Without it leading to a conversation about genres, I want to talk about what they sounded like, "The Other Side of Bed" and "Cubism" especially.
Ha! Good, I don't want to be in one genre or have one sound, I don't want people to say "Davide does that." Maybe the next track I do will be something totally different. I think that's funny. When you go through a label that's really niche, it's good for a while, but I get bored of that. I get bored of myself, that's the problem. I just need to be changing. I mean, how would you define those two tracks?
I dunno. Kind of techy and tribally and housey!
But at DC-10 though this summer, there were definite trends in what everything sounded like. The classic house sound was never far away and tribal popped up regularly.
The thing is, house music for me is a new thing because I never listened to house music. I listened to techno and progressive, so it's new to me and it's really exciting and has given me a spark.
How did the relationship with Circo Loco and DC-10 come about?
I actually have to thank a friend of mine, Eliott Shaw. We've been friends for 20 years and he was close to the people at Circo Loco. Andrea [Pelino] was looking for new DJs for DC-10, Eliott told him to check me out and I spoke to Andrea and almost had an interview with questions like "Where do you wanna go?" and "Where do you wanna be?" I just wasn't prepared for these questions, so I just responded "I wanna play music." My first gig was actually New Year's Day 2007. I was always playing inside at the start, because generally inside always had a more techy sound and outside was always a deeper sound.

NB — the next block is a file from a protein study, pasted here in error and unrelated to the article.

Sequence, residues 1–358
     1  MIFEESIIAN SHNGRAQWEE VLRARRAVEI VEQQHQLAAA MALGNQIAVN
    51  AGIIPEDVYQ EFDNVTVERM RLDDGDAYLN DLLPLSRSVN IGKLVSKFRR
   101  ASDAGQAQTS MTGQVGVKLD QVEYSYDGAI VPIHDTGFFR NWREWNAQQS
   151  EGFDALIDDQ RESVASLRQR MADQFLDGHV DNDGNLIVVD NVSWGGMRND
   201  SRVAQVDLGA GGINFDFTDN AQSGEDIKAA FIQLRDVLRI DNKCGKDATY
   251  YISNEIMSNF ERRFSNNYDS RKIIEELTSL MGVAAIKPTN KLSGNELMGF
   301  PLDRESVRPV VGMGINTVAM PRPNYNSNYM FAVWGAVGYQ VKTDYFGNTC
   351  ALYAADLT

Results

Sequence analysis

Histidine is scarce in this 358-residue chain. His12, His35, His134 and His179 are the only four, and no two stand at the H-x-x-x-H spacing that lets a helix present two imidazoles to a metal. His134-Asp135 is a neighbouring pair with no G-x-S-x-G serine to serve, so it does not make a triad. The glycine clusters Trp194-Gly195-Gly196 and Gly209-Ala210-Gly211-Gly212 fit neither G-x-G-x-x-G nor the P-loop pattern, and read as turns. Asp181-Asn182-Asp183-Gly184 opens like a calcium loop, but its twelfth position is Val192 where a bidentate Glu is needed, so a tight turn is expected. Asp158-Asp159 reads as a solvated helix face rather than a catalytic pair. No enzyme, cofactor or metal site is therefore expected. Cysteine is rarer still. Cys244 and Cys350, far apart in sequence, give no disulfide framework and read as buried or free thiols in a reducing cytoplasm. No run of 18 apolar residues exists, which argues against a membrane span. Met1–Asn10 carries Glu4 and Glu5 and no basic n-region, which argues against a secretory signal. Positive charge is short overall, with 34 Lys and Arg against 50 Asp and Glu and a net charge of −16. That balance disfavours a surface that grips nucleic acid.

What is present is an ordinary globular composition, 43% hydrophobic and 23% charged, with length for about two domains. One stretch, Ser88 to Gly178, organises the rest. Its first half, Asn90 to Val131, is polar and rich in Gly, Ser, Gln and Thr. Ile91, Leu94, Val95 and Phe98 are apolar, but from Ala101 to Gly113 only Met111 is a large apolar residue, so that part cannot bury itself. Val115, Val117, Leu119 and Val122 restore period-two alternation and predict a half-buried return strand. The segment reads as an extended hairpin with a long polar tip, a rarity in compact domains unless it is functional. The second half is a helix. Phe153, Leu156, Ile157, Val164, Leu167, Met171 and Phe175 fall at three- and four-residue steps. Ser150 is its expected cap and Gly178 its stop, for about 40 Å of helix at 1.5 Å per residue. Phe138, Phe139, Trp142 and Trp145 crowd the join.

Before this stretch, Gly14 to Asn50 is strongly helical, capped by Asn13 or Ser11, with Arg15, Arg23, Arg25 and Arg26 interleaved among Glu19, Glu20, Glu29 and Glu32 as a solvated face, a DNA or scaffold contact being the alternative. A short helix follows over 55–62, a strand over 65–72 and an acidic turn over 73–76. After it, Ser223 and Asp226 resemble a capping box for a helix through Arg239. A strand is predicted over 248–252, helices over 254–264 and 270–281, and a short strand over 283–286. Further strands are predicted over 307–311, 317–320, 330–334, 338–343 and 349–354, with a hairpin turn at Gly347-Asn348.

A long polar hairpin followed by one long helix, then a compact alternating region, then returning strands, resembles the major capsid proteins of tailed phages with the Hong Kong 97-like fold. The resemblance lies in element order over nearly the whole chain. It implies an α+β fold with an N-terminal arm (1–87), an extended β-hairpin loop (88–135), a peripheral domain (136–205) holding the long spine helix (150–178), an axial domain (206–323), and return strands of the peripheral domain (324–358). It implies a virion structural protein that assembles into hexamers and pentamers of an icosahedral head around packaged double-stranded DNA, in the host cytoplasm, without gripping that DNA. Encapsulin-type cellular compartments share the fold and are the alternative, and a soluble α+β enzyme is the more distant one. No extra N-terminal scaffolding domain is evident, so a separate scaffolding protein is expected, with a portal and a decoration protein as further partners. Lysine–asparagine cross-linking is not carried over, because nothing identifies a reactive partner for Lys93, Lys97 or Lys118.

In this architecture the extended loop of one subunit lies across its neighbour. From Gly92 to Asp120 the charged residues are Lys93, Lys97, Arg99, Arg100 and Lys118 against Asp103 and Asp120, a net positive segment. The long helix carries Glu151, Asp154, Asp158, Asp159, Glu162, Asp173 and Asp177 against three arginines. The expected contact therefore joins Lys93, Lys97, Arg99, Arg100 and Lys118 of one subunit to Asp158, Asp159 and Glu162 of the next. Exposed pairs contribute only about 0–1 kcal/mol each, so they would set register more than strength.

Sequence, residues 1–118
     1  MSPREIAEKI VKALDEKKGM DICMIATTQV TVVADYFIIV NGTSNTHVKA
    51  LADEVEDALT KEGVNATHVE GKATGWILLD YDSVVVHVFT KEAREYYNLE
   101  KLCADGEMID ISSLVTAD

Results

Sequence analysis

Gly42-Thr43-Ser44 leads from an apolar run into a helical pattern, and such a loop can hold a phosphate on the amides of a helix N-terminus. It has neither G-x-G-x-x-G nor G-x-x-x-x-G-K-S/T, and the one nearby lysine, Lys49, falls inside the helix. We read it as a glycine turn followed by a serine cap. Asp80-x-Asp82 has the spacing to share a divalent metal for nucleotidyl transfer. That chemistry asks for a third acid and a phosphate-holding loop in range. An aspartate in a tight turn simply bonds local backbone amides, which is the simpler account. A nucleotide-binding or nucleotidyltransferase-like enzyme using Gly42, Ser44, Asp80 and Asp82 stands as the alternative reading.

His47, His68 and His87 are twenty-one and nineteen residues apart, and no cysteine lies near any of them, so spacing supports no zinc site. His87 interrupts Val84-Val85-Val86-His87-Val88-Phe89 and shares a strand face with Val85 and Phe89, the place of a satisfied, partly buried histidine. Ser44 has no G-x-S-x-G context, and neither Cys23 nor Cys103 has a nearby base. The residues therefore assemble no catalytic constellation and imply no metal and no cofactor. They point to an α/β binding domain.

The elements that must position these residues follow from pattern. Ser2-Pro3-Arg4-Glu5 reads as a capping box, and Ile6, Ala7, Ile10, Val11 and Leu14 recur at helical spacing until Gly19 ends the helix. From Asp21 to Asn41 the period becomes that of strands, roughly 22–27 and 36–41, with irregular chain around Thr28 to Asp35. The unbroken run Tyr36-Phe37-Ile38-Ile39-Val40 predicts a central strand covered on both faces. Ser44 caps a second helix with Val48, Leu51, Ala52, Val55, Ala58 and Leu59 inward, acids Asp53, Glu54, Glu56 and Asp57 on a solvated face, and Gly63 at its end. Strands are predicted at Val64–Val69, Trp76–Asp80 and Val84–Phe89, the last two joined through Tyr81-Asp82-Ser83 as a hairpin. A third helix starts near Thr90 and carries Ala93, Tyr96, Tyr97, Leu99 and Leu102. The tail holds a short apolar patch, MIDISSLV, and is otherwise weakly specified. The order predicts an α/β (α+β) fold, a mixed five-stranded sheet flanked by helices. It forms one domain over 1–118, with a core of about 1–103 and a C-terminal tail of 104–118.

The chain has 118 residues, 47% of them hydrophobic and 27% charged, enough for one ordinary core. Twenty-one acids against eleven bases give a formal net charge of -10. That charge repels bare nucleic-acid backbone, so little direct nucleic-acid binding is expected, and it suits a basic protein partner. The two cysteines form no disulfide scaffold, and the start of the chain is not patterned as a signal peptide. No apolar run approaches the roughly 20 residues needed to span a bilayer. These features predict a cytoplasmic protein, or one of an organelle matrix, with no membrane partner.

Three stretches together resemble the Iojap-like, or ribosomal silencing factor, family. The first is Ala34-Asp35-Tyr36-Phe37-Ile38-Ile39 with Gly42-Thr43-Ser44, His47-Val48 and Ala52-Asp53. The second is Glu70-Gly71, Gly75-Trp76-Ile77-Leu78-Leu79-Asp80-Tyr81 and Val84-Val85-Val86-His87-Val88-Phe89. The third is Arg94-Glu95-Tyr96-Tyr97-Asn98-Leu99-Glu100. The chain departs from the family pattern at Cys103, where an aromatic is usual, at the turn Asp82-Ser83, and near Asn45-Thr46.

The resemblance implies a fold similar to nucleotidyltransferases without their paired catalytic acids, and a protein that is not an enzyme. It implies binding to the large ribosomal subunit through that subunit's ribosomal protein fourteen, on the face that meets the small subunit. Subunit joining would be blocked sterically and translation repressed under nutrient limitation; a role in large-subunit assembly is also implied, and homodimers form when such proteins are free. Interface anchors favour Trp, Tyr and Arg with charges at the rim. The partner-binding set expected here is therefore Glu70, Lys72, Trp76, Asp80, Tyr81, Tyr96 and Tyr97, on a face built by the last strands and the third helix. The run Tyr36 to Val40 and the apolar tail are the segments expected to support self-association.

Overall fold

"I get bored of myself…
I always need to be changing."
You generally played outside on the terrace this summer and, by the end, it was usually back-to-back with Tanzmann. Why have you connected with him?
We played together [at the same gig] three years ago and we've been friends since then. I think he's one of these Germans who are non-Germans, in terms of really being able to express his feelings [laughs]. Music-wise I also feel like we've gotten closer. He's gotten a bit harder and I've probably gotten a bit softer and, of course, he's a great DJ. We did it maybe three or four times this year in Ibiza and we're now also playing gigs outside of Ibiza too, like Magazzini Generali in Milan.
You two, along with Tania [Vulcano], have the type of sound most people are now expecting to hear from a Circo Loco event. I mean there are exceptions of course, but...
Well, the new thing this year was what Jamie and Seth were playing, with a little bit of this disco sound in it. I mean, the truth is that everyone was playing a different sound, so I don't know if DC-10 had "a sound" this year. Tania always plays the deepest and people love it, me and Matthias were in the middle...argh, it's so difficult to describe the kind of sound!
The one time I saw you play inside, your set was very different, you played a lot of Johnny D hits.
When they told me I was playing inside, I thought I'd play a bit harder and angrier. Otherwise what's the difference from when you play on the terrace? As for the hits, I don't really have a schedule at any club I play. This past year I had about 1500 mp3s on my hard drive, so instead of going through 1500 of these, I just made a directory of 150 songs that maybe I really want to play. From this I'll be using 30 or 40.
This is using Traktor?